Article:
Watchkeeper program still on course

  • 18-Aug-2009 12:31 EDT
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The 450-kg Watchkeeper UAV flies at 18,000 ft, reaches speeds of up to 70 kts, and can achieve flights of up to 18 h.

The development program for the Watchkeeper—currently the largest UAV (unmanned air vehicle) system in Europe—is gathering momentum. Since July 2007, when primary contractor Thales U.K. revealed the final configuration of the system, the evaluation team has met and exceeded specific targets, ahead of the tactical UAV's introduction into service in October 2010.

Watchkeeper is an ISTAR (Intelligence, Surveillance, Target Acquisition, and Reconnaissance) program for the British Army currently being developed in Hermes 450 UAVs. Housed in this craft, the 450-kg UAV flies at 18,000 ft and reaches speeds of up to 70 kts. Power comes from a standard Rotax single-propeller engine atop a Wankel engine, and flights of up to 18 h are possible.

In its current form, there is human involvement in the Watchkeeper flights from a communications point of view, but the aim for the near future is to ensure complete autonomy. According to Nick Miller, Business Director, ISTAR and UAV systems at Thales U.K., testing is going well. "We have done over 120,000 flying hours with Hermes 450s that are fitted with the Watchkeeper system." Currently, evaluation is taking place in Afghanistan, prior to the testing being fully transferred to the U.K. later this year. Tests have already taken place at the Parc Aberforth UAV facility in Wales, but Miller admits that there are a number of hurdles to overcome: "The biggest challenge we face is the U.K. airspace," he says. "At the moment, you can't fly UAVs in U.K. civil air space, but hopefully, Watchkeeper will be a forerunner to help solve that problem."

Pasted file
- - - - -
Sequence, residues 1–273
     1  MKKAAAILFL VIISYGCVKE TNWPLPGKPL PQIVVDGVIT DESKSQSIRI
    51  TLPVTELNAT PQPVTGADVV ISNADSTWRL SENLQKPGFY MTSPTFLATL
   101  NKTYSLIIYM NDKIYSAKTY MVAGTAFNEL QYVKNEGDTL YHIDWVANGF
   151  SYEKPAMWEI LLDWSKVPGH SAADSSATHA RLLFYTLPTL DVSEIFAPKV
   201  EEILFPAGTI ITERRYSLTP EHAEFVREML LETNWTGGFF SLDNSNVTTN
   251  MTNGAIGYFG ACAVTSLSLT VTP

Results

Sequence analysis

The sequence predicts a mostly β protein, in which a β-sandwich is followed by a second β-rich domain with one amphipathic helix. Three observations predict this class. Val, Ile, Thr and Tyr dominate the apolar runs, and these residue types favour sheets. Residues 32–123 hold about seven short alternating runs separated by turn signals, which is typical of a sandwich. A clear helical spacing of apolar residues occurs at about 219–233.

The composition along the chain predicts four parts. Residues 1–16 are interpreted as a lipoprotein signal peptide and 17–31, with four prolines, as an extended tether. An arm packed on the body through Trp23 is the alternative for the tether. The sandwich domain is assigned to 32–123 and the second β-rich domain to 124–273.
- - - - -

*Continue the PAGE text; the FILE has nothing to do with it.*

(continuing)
As one part of Thales U.K.'s growing ISTAR capabilities, the Watchkeeper project comprises both air and ground elements. In the air, tests of the system are being undertaken on Hermes 450 platforms that have been specifically modified to integrate the UAV's capabilities. One of the first elements to be validated was Thales' automatic takeoff and landing system (MAGIC ATOLS). Ongoing since the initial trials in July 2008, evaluation of the system has sought to prove out MAGIC ATOLS's ability to operate accurately in all weathers. The GPS-based technology's nonintrusive stand-alone architecture allows it to be integrated into any UAV, while it can be deployed very quickly to react to force operations on the ground.

"The program features the best breed and most advanced electronics onboard in terms of avionics, because Watchkeeper has to last for the next 20 or so years," explains Miller. A major enhancement in the Watchkeeper is the dual-payload configuration of advanced synthetic aperture radar (SAR)/ground moving target indicator (GMTI) radar, and electro optical (EO)/IR/laser target designator. "The synthetic aperture and ground-moving target indicator has been designed specifically for Watchkeeper, and it is used to monitor and give a map of the ground, through the weather." According to Miller, this system—called IMASTER—is now being planned for use in manned and other assets accordingly. IMASTER weighs less than 30 kg, and its combination of capability, cost, weight, and power consumption makes it ideal for helicopters and small fixed-wing aircraft as well as UAVs. A combined SAR/GMTI capability can be added to tactical UAVs in addition to, or instead of, EO sensors. On smaller air vehicles that carry just one payload, the sensors can be changed in minutes.

The cameras on the Watchkeeper are another item developed from existing hardware used in the Hermes range. They have the ability to pick out individuals on the ground 20 km in the distance when the UAV is 10,000 ft in the air.

Key to the ground support is the ground control station, which runs launch and recovery, supports the ATOL system as well as the whole mission. Two ground data terminals that control each air vehicle with a datalink support each station. Wide-band and/or narrow-band datalinks are used to transfer data and video from the UAV back to the control station.

Miller reveals that there are 54 Watchkeeper systems currently in service and being used to prove out a variety of different scenarios. "In the next few months, U.K. trials will take place, where U.K.-specific information will be put on the system," says Miller. After the initial production phase, full operating capability is set to be reached by 2013.

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